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Julius Caesar By The Orlando Shakespeare Theater Production

1407 words - 6 pages

Julius Caesar, believed to have been written around 1599, is one of William Shakespeare’s most well-known historical works. The events of the play follow the conspiracy to assassinate Julius Caesar by a group of Roman senators, and the subsequent upheaval of the state. The recent Orlando Shakespeare Theatre production of Julius Caesar utilized a cast of seven to portray a Dramatis Personae of more than thirty characters, similar to the style in which acting troupes would have performed Shakespeare’s works in taverns and smaller towns of the period. The reduced cast size and intimate setting of the Goldman Theatre, in which the play was staged, combined to more fully immerse the audience in the action of the play.
Like many of Shakespeare’s works, it is unknown when Julius Caesar was originally written. Though originally published in the First Folio in 1623, there is a record of the play in the diary of Thomas Platter in September of 1599 (“The Norton Anthology of English Literature”). Based on this record, the similarities in meter and word choice to other Shakespearean works of the time, and the reference to an unnamed play about the assassination of Caesar in Hamlet, historians have placed the original performance sometime in the earlier part of 1599 (Dobson and Wells 230). Assuming this date to be accurate, it is highly likely that Julius Caesar was one of the first plays to be staged in the newly constructed Globe Theatre.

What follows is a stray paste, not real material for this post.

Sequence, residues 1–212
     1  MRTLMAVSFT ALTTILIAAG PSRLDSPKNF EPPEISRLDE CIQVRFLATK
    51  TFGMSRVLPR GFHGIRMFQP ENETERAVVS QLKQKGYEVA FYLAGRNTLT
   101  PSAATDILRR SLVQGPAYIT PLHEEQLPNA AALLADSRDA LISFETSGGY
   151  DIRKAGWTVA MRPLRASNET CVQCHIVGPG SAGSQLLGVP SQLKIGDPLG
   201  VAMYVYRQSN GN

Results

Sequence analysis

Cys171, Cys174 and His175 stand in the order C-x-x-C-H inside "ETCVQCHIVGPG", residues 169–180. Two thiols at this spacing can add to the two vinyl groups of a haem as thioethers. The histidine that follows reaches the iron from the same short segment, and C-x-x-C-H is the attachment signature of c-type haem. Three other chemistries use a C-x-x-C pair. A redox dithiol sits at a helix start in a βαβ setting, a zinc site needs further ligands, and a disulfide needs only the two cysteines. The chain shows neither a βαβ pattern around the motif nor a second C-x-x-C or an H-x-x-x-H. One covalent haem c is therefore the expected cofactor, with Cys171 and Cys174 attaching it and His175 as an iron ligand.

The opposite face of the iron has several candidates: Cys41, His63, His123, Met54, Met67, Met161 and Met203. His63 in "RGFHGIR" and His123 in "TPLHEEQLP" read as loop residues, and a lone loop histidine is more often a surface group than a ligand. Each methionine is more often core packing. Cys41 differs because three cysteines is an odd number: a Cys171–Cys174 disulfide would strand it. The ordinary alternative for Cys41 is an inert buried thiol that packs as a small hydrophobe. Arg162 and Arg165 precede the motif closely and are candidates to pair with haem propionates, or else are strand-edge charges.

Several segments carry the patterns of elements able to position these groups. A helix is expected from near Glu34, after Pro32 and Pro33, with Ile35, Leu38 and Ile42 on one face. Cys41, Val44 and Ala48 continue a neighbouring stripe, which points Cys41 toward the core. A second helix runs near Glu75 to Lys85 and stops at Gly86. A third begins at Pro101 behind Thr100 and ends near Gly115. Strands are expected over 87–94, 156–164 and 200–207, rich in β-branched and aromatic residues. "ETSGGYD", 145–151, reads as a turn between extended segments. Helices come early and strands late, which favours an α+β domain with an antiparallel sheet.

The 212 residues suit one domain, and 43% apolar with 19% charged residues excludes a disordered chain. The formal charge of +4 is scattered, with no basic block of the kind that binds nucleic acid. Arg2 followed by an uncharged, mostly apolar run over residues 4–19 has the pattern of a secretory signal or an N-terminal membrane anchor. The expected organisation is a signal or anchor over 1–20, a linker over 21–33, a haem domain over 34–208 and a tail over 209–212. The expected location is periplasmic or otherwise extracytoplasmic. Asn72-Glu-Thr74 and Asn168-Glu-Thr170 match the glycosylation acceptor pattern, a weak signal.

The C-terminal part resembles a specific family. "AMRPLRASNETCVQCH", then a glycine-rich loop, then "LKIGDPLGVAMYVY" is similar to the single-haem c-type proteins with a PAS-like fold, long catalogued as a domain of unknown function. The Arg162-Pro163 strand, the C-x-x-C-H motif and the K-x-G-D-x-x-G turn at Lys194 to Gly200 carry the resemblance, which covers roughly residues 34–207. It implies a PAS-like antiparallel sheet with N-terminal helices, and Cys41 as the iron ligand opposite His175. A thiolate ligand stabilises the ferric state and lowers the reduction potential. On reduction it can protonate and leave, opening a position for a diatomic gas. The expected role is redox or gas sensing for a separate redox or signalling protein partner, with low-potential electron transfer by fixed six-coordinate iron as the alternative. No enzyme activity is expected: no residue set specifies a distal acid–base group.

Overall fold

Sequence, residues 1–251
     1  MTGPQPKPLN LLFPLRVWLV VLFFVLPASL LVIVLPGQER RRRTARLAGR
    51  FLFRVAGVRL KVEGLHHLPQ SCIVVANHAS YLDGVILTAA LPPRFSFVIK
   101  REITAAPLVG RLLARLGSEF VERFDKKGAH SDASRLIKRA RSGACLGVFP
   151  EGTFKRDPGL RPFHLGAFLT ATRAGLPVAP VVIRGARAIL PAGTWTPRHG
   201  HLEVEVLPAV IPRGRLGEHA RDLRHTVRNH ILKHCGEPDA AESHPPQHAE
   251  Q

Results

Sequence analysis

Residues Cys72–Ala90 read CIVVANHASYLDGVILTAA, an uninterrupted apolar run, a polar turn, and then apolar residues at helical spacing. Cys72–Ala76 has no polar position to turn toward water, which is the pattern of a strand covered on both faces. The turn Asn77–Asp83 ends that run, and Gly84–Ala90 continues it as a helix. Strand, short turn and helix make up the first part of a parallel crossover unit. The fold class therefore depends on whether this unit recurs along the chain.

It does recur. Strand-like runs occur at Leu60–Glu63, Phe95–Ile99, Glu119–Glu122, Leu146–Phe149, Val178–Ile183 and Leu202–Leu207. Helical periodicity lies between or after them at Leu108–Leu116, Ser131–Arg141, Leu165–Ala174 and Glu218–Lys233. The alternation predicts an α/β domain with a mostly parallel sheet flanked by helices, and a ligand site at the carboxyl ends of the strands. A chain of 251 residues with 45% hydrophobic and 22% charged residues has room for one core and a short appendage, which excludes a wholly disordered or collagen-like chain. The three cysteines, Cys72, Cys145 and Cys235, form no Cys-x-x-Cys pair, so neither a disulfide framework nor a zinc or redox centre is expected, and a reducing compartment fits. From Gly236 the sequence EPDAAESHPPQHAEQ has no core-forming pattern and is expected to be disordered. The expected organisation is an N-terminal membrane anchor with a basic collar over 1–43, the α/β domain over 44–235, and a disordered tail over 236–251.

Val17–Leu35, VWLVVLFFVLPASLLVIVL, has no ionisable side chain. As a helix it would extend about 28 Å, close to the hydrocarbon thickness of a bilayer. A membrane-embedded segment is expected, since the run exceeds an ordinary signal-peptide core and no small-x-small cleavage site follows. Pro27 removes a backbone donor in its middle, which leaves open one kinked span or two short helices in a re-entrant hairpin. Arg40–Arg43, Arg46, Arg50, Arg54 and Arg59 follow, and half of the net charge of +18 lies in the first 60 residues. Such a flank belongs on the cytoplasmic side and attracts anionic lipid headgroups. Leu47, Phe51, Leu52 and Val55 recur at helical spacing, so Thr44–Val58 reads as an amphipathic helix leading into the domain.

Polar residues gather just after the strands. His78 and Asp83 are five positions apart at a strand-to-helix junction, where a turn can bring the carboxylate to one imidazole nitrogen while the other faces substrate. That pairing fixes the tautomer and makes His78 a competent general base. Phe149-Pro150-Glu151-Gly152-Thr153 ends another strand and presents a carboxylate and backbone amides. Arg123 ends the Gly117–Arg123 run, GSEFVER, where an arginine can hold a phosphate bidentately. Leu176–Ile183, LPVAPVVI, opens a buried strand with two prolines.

Julius Caesar was perhaps the most influential man in Roman history. A decorated war hero, he was elected consul and eventually offered the title of monarch, which he refused. Fearful of his growing power and influence, a group of senators, including Marcus Brutus, one of Caesar’s confidants, conspired to assassinate him and bring freedom to the people. After Caesar’s death, however, the people, led by Marc Antony and Octavius Caesar, rose up against the conspirators, who all either fell in battle or took their own lives to preserve their honor. While Shakespeare’s version of these events follows the historical facts, several liberties were taken with locations and timelines. Caesar’s assassination takes place in the Capitol, rather than the Theatre of Pompey, and his funeral and the reading of his will occur within hours of his death, rather than days later. He also combines the two Battles of Philippi into a single conflict, though more than two weeks passed between them (Shakespeare). Like many Victorian era playwrights, Shakespeare also took liberties with the technological advancements of the time, having Ancient Romans speak of hats and doublets, or telling one another to count the chiming of the clock. The inclusion of these anachronistic elements was hardly accidental, however. Theatre reflects the society in which it is crafted, and Julius Caesar, a play about the chaotic power vacuum left behind by the sudden death of a leader, was penned during the period just before the death of Elizabeth I, who had not yet...

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